mcdonald's business lessons

5 Top Business Lessons from McDonald’s

Chances are that you stepped foot into a McDonald at least once in your life…

They’re, without any doubt, one of the most successful companies in history.

Here are four business lessons we can take away from McDonald’s:

1) Don’t provide too much choice

Originally, “McDonald’s Barbecue” served pulled pork sandwiches, burgers, and more.

Then the McDonald’s brothers cut the menu from 25 to 9 items.

We discussed this recently. Reduce choice.

When you reduce the menu, you don’t overwhelm people and they’re more likely to get something.

For example, let’s say you’re applying this to software…

There are often three tiers that SaaS players use to sell to their audience:

a) a basic version that gives the essentials but is limited

b) a mid-tier version that’s kind of the most popular (and usually highlighted or enlarged in the middle) because it does most things at a reasonable price

c) and the most expensive version for power users that usually unlocks the best features, more users, unlimited use, etc.

Now imagine if that was expanded to 6 tiers or 10 or more…

You’d be so overwhelmed you probably wouldn’t buy anything or you’d get further bogged down in your research of the product.

In sum, don’t provide too much.

2) Standardize

McDonald’s standardized every order.

Every hamburger is made in the exact same way, using the same amount of ingredients.

If there’s a process that can be standardized in your business, you should do it.

Standardizing eliminates errors, drives process improvements, and makes them more efficient.

There’s something to be said about “snowflake” products (e.g., Hermes Birkin bags are made individually by artisans to give them appeal).

But for most products – e.g., laptops, iPhones, cars – you want to have them pretty well standardized.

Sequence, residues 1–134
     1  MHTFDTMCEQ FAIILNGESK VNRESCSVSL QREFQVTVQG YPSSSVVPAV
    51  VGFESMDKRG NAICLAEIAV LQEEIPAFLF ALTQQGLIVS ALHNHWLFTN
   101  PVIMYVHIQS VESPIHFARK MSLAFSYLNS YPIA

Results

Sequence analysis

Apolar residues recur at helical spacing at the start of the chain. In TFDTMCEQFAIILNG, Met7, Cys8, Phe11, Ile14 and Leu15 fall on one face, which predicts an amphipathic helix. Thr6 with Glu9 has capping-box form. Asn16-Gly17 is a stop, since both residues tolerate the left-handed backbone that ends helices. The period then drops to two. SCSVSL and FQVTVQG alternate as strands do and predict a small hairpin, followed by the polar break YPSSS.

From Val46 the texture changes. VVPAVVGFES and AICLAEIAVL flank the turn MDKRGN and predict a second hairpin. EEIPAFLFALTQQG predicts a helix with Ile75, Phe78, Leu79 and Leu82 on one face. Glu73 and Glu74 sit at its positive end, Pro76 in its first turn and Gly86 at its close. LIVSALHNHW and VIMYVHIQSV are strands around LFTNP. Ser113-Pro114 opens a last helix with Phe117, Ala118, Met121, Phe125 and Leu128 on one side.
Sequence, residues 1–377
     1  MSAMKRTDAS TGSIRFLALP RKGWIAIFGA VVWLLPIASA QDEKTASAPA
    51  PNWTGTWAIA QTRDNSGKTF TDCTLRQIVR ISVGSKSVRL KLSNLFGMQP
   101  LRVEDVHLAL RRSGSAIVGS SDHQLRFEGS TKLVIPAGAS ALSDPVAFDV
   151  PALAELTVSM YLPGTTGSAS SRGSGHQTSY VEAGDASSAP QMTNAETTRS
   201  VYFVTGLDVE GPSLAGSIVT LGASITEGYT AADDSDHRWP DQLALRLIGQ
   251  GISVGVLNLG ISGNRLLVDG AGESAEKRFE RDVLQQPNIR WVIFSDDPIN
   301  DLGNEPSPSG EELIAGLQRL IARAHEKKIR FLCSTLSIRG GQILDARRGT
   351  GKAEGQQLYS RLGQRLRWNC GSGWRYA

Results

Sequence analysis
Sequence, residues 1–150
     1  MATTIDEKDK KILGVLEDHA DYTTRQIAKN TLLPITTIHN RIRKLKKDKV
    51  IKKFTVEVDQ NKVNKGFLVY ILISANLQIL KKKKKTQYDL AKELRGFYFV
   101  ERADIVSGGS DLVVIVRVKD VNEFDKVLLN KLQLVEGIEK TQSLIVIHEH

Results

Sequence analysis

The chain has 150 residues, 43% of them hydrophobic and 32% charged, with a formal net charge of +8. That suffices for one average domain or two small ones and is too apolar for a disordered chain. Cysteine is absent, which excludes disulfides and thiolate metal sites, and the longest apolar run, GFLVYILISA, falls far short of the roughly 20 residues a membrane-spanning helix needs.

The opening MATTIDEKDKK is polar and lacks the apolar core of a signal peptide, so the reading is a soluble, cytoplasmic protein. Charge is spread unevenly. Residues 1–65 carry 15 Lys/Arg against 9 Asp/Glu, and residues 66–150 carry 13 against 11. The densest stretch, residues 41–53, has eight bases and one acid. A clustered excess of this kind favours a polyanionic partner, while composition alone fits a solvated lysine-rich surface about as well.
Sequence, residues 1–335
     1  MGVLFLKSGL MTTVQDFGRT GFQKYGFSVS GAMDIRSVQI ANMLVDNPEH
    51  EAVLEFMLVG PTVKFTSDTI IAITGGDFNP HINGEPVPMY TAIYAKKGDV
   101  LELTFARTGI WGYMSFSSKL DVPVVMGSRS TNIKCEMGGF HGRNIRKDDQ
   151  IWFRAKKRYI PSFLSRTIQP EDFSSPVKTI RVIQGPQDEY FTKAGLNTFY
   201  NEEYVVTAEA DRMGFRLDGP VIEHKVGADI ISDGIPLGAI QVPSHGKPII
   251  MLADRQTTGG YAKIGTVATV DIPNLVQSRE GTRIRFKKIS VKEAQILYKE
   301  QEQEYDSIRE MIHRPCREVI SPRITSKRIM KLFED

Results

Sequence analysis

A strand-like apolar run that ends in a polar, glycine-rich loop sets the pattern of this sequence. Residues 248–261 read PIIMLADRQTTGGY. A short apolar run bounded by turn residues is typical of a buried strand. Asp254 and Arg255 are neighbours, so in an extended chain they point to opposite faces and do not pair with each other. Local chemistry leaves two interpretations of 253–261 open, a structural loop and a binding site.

3) You can pivot

McDonald’s started as a BBQ restaurant.

Then it pivoted to be a hamburger factory with the vision of serving a customer in 20 seconds.

Uber started as a limousine service.

YouTube started as a video dating site.

Don’t get too married to your idea. It will always evolve and can always improve.

People tend to have a bias to stick with what they already have even when the switching cost is negligible and the likely rewards are higher.

Pivot if you see a growth chance.

4) Compete (and prevail) on price

When they pivoted to the hamburger business, McDonald’s prices were half their competitors’.

This can be difficult these days with Amazon being the low prices leader.

But remember that customers love to save money.

5) Understand your real revenue driver

Former McDonald’s CFO, Harry J. Sonneborn, is quoted as saying,

“We are not technically in the food business. We are in the real estate business.”

McDonald’s owns about 45% of the land and 70% of the buildings at their 36,000+ locations. (The rest is leased.)

They buy real estate and rent them to franchisers.

This means that part of their revenue comes from renting real estate, rather than selling burgers.

This revenue comes with higher margins than selling burgers. Moreover, this helps McDonald’s protect itself from the ups and downs of the burger and restaurant / fast-casual business.

Amazon is not just an e-commerce marketplace. They are a logistics company with the best warehouse and delivery systems globally.

The lesson here is to look at your business, think creatively, and try to unlock different sources of revenue.

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